Picture. A two-dimensional visual representation accessible to the naked eye and generally on an opaque backing. Used when a more specific designation is unknown or not desired.

j

Print. Design or picture transferred from an engraved plate, wood block, lithographic stone, or other medium. Generally there are four types: planographic print, relief print, intaglio print, and stencil print.

k

Poster. A notice, usually decorative or pictorial, intended to be posted to advertise, promote, or publicize an activity, cause, product, or service; also, a decorative, mass-produced print intended for hanging.

l

Technical drawing. Cross section, detail, diagram, elevation, perspective, plan, working plan, blueprint, etc., made for use in an engineering or other technical context.

n

Chart. An opaque sheet that exhibits data in graphic or tabular form, e.g., a wall chart.

o

Flash card. A card or other opaque material printed with words, numerals, or pictures and designed for rapid display.

p

Postcard. A card on which a message may be written or printed for mailing without an envelope.

q

Icon. An image that portrays a sacred entity and that is itself regarded as sacred. Most commonly comprising tempera on panel, but it may be in any two-dimensional or relief medium, including fresco.

r

Radiograph. A photograph produced by the passage of radiation, such as X rays, gamma rays, or neutrons, through an opaque object.

s

Study print. A picture or print, issued singly or in sets, with accompanying text, prepared specifically for teaching purposes; text might be printed on the verso of the print, in margins, or issued separately. The text might include descriptions, discussion questions, terms with definitions, and/or bibliography.

u

Unspecified. The special material designation for the nonprojected graphic is not specified.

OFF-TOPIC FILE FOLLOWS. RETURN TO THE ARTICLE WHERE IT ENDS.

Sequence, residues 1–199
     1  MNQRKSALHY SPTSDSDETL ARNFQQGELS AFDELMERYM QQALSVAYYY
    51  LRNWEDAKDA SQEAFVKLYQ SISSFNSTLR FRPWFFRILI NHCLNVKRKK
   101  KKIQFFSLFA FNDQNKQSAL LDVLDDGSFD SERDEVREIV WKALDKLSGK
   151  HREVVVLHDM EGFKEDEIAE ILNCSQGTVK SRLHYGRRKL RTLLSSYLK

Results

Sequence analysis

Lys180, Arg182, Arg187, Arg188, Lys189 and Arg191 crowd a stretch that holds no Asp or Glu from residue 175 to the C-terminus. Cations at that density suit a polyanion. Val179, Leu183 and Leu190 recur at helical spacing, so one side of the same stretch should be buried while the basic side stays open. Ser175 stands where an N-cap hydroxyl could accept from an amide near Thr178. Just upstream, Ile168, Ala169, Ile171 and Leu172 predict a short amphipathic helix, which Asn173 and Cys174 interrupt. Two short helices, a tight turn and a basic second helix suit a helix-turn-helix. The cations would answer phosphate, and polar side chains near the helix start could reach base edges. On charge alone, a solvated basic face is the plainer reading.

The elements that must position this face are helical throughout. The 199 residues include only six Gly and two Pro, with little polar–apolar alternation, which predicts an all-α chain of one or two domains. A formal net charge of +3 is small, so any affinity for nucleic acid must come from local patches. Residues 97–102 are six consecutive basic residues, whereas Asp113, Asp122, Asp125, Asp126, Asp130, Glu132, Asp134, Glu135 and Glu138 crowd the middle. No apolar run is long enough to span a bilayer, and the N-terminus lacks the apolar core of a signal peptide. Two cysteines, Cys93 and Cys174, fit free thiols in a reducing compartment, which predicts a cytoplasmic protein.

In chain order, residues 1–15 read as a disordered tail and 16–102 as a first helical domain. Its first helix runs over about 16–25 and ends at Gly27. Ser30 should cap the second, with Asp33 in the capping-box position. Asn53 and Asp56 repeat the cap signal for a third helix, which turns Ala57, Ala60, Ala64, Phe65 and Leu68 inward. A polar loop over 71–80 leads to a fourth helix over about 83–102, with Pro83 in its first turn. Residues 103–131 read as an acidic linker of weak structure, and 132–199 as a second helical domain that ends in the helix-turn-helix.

v

Photograph, type unspecified.

z

Other. None of the other codes is appropriate. Includes mixed media productions made by a combination of free hand and printing techniques when one or the other does not predominate, computer produced graphics, spirit masters, transparency masters, etc.

‡d Color

The color characteristics of the nonprojected graphic.

a

One color. The image is printed or executed in a single color. Used for monochrome art works. It is not used with photographic materials. Does not include black.

b

Black-and-white. The image is printed or executed in black-and-white. Refers to monochrome photographic materials executed in black-and-white.

c

Multicolored. The image is printed or executed in more than one color. Used for color photographic processes.

h

Hand-colored. The image, produced by a printing or photographic process, is hand colored. Rarely used with commercial visual materials since these are not typically issued with hand coloring.

m

Mixed. The work or collection is a combination of one color, black-and-white, multicolored, hand colored, and/or other images.

u

Unknown. The color characteristics of the item are not known.

z

Other. None of the other codes is appropriate. Includes stained, tinted, or toned items (e.g., sepia toned photographic items).

‡e Primary support material

The primary support material is the type of material used for the support or base on which an image is printed or executed. Intended for use in handling and storage of material. You may not be able to determine the composition of primary support materials. If in doubt, do not use subfield ‡e.

a

Canvas. The primary support/base material is canvas, a heavy-duty plain-woven fabric used as a painting surface.

b

Bristol board. The primary support material is Bristol board, a fine, smooth pasteboard used by artists and painters. It consists of a high-grade white cardboard, supercalendered with China clay or made by pasting together sheets of heavy ledger paper.

c

Cardboard/illustration board. The primary support material is cardboard or illustration board, consisting of laminated paper board that has paper layers glued to its surface; used commonly as temporary artists' supports.